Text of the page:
"Perhaps church leaders shy away from an annual promise ceremony because they don't want to ask a student to sign six cards while young," Ross said, referring to the pledge cards that students sign promising to abstain from sexual activity until marriage. "They have missed the point. We never ask teenagers to make multiple promises.
"In fact, it offends Christian students when they are asked to promise again," Ross said. "In their minds, their original promise was a promise to God and that promise stands to their wedding day and beyond."
The annual invitation to participate in a True Love Waits promise ceremony, Ross said, should be made to middle school students recently promoted into the student ministry department, to all students who have committed their lives to Christ during the past year, and to students who have joined the church and have no background with the abstinence movement.
"Students who have made promises in previous years participate in Bible teaching on purity and they attend the ceremony to support the first-timers, but no one places yet another card in their hands," Ross said.
The idea that promoting abstinence through a commitment service every few years is enough must be corrected, he said.
"Few churches highlight international missions only once every few years. Few would decide to offer Vacation Bible School only once every few years. Churches give annual attention to those initiatives because they have Kingdom importance," Ross told BP. "Those initiatives matter in people's lives in the same way that a lifestyle of absolute purity matters.
"If we are vigilant, the statistics will continue to improve," he added. "If we are not, all the tragedies that attend teen sex will increasingly be part of our families, churches and nation."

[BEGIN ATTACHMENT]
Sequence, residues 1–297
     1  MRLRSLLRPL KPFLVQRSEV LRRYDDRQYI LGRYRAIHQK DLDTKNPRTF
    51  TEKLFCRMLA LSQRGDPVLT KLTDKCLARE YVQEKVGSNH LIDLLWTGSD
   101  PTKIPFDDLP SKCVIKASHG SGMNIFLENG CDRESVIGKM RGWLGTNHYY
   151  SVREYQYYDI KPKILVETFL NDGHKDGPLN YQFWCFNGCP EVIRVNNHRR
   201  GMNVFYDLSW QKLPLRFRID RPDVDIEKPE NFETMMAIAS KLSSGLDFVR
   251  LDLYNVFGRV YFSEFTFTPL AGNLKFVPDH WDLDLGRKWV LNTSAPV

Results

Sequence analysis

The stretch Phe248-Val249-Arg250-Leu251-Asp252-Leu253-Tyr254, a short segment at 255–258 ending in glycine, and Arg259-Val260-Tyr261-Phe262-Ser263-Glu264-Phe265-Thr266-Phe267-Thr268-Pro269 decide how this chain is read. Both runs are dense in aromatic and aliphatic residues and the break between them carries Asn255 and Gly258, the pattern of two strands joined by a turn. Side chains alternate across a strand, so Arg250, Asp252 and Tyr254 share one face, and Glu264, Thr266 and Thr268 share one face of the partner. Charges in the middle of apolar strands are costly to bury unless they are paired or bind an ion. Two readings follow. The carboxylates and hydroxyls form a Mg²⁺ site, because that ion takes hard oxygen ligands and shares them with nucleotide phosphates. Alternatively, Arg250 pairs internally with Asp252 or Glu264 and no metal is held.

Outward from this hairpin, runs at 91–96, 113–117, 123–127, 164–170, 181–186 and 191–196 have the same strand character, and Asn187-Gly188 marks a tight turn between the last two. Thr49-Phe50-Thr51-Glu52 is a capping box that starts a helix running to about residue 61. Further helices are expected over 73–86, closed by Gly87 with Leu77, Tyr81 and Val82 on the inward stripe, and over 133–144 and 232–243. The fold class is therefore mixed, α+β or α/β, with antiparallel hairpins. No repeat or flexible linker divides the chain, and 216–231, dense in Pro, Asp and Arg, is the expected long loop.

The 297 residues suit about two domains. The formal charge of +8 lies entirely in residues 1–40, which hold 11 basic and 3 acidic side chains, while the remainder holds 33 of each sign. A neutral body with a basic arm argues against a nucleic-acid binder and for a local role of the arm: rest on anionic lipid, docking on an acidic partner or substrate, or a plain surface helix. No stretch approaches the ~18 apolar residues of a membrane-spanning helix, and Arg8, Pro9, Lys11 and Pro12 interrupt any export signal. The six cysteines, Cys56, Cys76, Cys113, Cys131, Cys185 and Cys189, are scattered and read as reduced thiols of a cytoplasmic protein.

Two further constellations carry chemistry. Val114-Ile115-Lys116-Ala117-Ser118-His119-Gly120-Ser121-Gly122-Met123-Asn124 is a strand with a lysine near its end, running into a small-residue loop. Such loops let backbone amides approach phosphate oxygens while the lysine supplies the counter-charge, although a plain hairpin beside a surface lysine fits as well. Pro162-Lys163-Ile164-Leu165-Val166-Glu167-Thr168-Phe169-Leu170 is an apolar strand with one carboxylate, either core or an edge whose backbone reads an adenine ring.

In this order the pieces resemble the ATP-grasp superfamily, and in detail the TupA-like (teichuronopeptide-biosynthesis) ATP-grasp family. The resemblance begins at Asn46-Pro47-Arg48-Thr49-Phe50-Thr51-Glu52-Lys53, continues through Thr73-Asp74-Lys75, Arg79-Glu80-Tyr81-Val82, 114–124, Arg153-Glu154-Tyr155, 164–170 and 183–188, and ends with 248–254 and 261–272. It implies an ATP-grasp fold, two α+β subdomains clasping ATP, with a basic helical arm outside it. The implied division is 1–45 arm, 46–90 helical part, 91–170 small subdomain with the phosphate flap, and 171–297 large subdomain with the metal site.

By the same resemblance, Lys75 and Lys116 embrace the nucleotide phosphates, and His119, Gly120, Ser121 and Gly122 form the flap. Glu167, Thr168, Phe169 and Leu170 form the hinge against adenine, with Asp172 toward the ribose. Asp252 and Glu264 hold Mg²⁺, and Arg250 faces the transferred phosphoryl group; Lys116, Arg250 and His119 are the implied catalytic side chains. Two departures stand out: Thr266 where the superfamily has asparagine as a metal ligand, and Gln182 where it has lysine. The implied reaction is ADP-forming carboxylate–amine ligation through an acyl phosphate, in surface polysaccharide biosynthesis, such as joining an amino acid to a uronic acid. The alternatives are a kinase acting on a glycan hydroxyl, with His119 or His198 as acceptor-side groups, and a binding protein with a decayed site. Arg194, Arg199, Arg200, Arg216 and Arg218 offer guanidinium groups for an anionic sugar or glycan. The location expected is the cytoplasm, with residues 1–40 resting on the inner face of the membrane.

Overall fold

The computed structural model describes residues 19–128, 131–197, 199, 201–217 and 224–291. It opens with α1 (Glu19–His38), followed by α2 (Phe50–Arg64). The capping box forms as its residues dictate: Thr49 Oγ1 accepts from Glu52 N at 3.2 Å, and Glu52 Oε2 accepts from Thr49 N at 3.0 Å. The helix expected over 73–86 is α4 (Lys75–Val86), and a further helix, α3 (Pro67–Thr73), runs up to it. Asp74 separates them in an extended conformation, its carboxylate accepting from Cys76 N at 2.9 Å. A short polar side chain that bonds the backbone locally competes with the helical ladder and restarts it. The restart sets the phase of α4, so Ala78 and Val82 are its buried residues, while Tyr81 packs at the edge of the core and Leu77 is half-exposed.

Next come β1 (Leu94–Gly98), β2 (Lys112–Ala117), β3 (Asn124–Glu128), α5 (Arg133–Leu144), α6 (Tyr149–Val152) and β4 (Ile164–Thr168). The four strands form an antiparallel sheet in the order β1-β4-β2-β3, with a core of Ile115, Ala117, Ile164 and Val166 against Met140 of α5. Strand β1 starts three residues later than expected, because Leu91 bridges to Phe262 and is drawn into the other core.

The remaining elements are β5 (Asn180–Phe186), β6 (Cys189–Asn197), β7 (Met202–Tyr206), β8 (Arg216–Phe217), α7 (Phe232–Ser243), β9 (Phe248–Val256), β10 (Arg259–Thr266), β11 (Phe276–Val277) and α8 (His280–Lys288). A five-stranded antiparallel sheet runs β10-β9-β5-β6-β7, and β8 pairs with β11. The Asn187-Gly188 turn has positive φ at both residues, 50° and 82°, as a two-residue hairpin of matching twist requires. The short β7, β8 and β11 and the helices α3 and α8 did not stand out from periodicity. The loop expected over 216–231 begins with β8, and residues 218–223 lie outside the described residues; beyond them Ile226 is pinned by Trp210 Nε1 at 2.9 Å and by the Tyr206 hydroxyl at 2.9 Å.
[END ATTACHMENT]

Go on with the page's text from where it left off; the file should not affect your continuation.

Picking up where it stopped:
Buckley, from a physician's perspective, said abstinence needs to be the major message for youth, especially given that teenage girls' bodies are particularly susceptible to STDs because of factors accompanying their physical development.
"There is no fool-proof safe sex practice outside of a monogamous marital relationship," Buckley said. "There is in this fallen world a place for things such as HPV vaccinations, but that is not our primary message. Our goal is sexual purity and abstinence before marriage."
Regarding the physical implications of girls being infected with an STD, Buckley said one chlamydia infection gives a woman a 25 percent chance of infertility.
"About 30 percent of infertility is due to scarring of the fallopian tubes, and about half of those cases are due to chlamydia," Buckley said. "Chlamydia is often a silent sexually transmitted disease. You may not even recognize an infection sometimes."
Buckley also said it's a myth to say that condoms are an effective prevention method against certain STDs.
"It's kind of ridiculous to think that condoms are the answer when condoms have a 25 percent failure rate for preventing pregnancy. They're not the answer." The standard, Buckley reiterated, is abstinence -– "sexual purity before marriage and maintaining a monogamous marriage relationship."
Erin Roach is a staff writer for Baptist Press. For more information on True Love Waits, a ministry of LifeWay Christian Resources of the Southern Baptist Convention, visit the website at www.lifeway.com/tlw.
(c) 2008 Baptist Press. Used with permission. All rights reserved.